Overall world meat production is predicted to stagnate at about 321 million tonnes in 2016. Poultry is forecast to register some growth, followed by bovine and ovine meat, while pigmeat output could decline, according to the June 2016 FAO Food Outlook.
World production of pig meat in 2016 is forecast to decrease marginally, by 0.7 percent to 116.4 million tonnes, thus registering a second year of virtual stagnation. As in 2015, lower output in China, which accounts for almost half the world total, is the main reason for the slowdown.
An unfavourable feed-pork price ratio in the country and new environmental regulations have caused farmers to reduce breeding sows, stalling growth. China’s production is projected to be 54 million tonnes, down 2.5 percent from the previous year.
Elsewhere in Asia, the Philippines and Viet Nam could boost output. Also, production in Japan and the Republic of Korea may expand, as the industry recovers from outbreaks of porcine endemic diarrhoea(PED), which reduced piglet numbers in the previous two years.
Recovery from the effects of PED has been faster in the United States, where a second year of growth is anticipated, when production could increase by 1.9 percent to a record 11.3 million tonnes. Output in Mexico also continues to recover, following a PED outbreak in 2014, and may rise in 2016 by 2.0 percent to 1.3 million tonnes.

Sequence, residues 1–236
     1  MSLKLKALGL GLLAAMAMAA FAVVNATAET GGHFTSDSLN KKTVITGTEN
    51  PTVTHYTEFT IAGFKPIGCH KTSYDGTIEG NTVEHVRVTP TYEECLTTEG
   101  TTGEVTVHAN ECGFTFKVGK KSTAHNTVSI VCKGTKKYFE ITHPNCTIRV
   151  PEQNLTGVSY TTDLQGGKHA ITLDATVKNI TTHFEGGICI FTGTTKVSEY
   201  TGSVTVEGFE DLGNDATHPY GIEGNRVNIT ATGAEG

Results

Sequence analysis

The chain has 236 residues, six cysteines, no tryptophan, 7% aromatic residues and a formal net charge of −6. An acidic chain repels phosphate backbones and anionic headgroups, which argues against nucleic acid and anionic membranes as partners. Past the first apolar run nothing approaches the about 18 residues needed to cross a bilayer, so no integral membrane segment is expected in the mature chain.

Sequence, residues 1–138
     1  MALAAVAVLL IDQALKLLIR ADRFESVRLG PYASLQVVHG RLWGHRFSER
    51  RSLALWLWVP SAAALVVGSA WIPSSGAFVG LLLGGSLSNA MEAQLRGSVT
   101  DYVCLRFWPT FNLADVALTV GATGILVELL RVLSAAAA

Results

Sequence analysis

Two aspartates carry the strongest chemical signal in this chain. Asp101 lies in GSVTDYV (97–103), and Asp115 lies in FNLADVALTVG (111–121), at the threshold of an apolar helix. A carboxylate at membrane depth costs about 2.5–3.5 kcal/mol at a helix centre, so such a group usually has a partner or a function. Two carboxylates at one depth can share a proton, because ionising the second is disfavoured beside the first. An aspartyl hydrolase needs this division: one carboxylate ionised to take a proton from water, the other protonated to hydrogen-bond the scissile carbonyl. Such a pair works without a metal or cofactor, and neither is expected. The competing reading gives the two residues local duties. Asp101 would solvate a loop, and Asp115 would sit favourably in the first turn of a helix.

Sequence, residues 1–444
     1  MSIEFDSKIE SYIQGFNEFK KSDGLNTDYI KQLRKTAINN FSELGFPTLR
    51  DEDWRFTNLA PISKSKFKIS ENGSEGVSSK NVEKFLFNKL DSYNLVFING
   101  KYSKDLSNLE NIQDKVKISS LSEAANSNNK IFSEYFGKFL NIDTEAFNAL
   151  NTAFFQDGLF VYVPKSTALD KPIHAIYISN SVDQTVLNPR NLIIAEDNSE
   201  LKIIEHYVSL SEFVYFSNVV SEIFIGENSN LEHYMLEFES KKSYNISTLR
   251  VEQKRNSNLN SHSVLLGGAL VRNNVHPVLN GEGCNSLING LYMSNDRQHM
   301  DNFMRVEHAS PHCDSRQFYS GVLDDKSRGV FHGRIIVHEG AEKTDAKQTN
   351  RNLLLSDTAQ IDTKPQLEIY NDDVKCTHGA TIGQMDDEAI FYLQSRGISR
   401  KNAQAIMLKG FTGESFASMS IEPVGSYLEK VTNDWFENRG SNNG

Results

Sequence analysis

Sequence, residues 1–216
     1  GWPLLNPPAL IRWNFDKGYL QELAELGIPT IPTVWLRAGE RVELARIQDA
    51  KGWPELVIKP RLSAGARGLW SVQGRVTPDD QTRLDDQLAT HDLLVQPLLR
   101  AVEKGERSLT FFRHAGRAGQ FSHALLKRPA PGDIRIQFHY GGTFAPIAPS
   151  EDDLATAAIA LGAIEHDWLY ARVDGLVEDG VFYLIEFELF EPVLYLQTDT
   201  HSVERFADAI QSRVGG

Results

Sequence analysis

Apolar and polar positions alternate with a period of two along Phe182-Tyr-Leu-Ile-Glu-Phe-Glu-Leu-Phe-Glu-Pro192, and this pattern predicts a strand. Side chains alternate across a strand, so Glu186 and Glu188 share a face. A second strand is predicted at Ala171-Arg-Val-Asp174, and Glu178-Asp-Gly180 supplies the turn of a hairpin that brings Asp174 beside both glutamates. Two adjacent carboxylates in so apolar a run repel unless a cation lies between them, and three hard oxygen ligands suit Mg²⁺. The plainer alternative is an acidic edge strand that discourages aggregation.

In both countries, lower feed prices have encouraged upscaling.
Elsewhere in the Americas, favourable feed costs are forecast to boost production in Canada and Brazil.
In the Russian Federation, the pace of growth in pig meat production could quicken, due to investment in, and the growing importance of, large-scale production units.
Meanwhile, EU output is expected to fall marginally, by 0.3 percent to 23.3 million tonnes, as a result of a decline in breeding sow numbers.
Trade: second year of strong growth
Trade in pigmeat in 2016 is expected to experience a second year of growth, increasing by 4.4 percent to 7.5 million tonnes – a record level. Lower international prices have stimulated trade.
In May 2016, average export prices were 11 percent below a year earlier and almost 33 percent below those of May 2014. Most of the principal importing countries are anticipated to augment their levels of purchases, including Mexico, China, the Russian Federation, the United States, Japan, the Republic of Korea and Australia. The upward surge in demand would be more than sufficient to counterbalance anticipated declining imports by Canada, Viet Nam and Colombia.
In response to rising demand, shipments by most of the main exporting countries are projected to grow in 2016. The Americas are forecast to lead the way, assisted by post-PED industry recovery in the United States, Canada and Mexico, and generally favourable feed prices in all countries, including Brazil.
The EU is anticipated to see sales rise further, building on the vibrant growth experienced in 2015.
EU exporters have adjusted to the 2014 Russian Federation embargo by seeking alternative markets, in particular in Asia, especially China. Conversely, Brazil, which was not subject to the ban, has experienced a substantial rise in exports to the Russian Federation, which, as a single destination, may constitute as much as half of Brazil’s external sales of pigmeat in 2016.